opinionated software is only cool if you have cool opinions - Tom MacWright
Here’s a list of which software packages expect longitude first and which other ones expect latitude first. Which is correct is a matter of opinion.
My opinion is that longitude should be first. If you need to represent a position as an ordered pair, the order should be
Data formats are harder and slower to change than software, and almost every geospatial format puts longitude first. Once you put a specification out there, releasing a new version of that specification is fraught; most formats are published once and never modified. The only geospatial formats I know of that put latitude first are the ‘simple’ version of GeoRSS1 and the Google Encoded Polyline algorithm.2 Simple GeoRSS is incredibly rare: the non-simple type of GeoRSS uses GML as its geographic encoding, and GML doesn’t have a coordinate ordering. Encoded polylines encode coordinates in text, so it’s hard to say that they even have an ordering or if that’s just an implementation detail.
Longitude, latitude ordering is sometimes chalked up as something weird that the new GeoJSON format does. Longitude-first has been the case ever since the ancient WKT format, it’s the ordering in the industry-standard Shapefile, and also the order in that user-friendly KML format you use with Google Maps.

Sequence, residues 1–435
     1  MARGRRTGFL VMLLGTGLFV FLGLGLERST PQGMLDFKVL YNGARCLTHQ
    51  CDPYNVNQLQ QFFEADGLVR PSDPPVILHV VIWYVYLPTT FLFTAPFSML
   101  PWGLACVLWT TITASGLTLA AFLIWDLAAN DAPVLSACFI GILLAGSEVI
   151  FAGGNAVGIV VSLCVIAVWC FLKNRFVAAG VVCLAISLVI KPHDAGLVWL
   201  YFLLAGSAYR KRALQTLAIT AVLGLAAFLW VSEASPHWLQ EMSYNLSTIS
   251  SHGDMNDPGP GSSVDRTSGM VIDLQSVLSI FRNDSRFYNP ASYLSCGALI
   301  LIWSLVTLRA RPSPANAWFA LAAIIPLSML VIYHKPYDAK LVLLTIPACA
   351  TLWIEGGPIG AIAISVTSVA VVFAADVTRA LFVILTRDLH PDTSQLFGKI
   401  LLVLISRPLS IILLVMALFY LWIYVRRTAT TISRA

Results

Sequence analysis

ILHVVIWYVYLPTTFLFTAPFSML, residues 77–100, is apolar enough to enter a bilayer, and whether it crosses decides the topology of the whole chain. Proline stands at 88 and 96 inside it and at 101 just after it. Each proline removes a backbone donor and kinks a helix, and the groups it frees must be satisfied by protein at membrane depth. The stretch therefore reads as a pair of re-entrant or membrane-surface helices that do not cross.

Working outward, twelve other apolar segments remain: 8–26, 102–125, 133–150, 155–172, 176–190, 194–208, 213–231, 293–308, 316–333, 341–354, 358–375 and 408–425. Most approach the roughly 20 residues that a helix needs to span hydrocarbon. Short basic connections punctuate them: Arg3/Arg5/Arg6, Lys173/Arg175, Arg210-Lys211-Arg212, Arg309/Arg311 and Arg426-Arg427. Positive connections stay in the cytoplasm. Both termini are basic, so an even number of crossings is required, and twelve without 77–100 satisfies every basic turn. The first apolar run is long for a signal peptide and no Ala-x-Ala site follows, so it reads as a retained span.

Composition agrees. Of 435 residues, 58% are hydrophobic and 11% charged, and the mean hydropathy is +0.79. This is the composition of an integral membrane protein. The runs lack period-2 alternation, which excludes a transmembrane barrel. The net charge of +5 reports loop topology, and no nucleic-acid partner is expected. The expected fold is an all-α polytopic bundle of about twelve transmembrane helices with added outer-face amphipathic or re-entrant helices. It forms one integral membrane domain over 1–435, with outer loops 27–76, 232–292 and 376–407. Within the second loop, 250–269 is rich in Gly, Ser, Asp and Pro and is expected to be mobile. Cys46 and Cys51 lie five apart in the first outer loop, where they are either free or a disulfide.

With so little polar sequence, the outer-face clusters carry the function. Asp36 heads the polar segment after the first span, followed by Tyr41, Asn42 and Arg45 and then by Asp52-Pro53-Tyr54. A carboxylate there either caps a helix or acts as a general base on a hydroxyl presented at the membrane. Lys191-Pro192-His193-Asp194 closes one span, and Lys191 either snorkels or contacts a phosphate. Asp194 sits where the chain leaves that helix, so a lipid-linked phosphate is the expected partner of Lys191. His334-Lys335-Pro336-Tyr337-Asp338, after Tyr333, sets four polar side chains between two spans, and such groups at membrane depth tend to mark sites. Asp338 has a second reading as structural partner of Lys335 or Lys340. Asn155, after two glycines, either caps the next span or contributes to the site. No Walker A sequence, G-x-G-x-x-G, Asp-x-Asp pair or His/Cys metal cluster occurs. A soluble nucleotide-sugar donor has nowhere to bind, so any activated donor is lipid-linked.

Almost all open source software uses longitude, latitude ordering. The only current exception is Leaflet3, which owes its ordering decision to the early-on goal of being very similar to the Google Maps SDK.
If you include altitude in your position, then latitude-first gives you YXZ, which is nonsense. Similarly, latitude, longitude is the equivalent of YX ordering, which is the opposite of what an ordered pair in mathematics is by default. Similarly width × height is the more popular way to make measurements.
If you’re deciding which order to store coordinates in, choose longitude, latitude. With our powers combined, we can finally standardize on the one true ordering.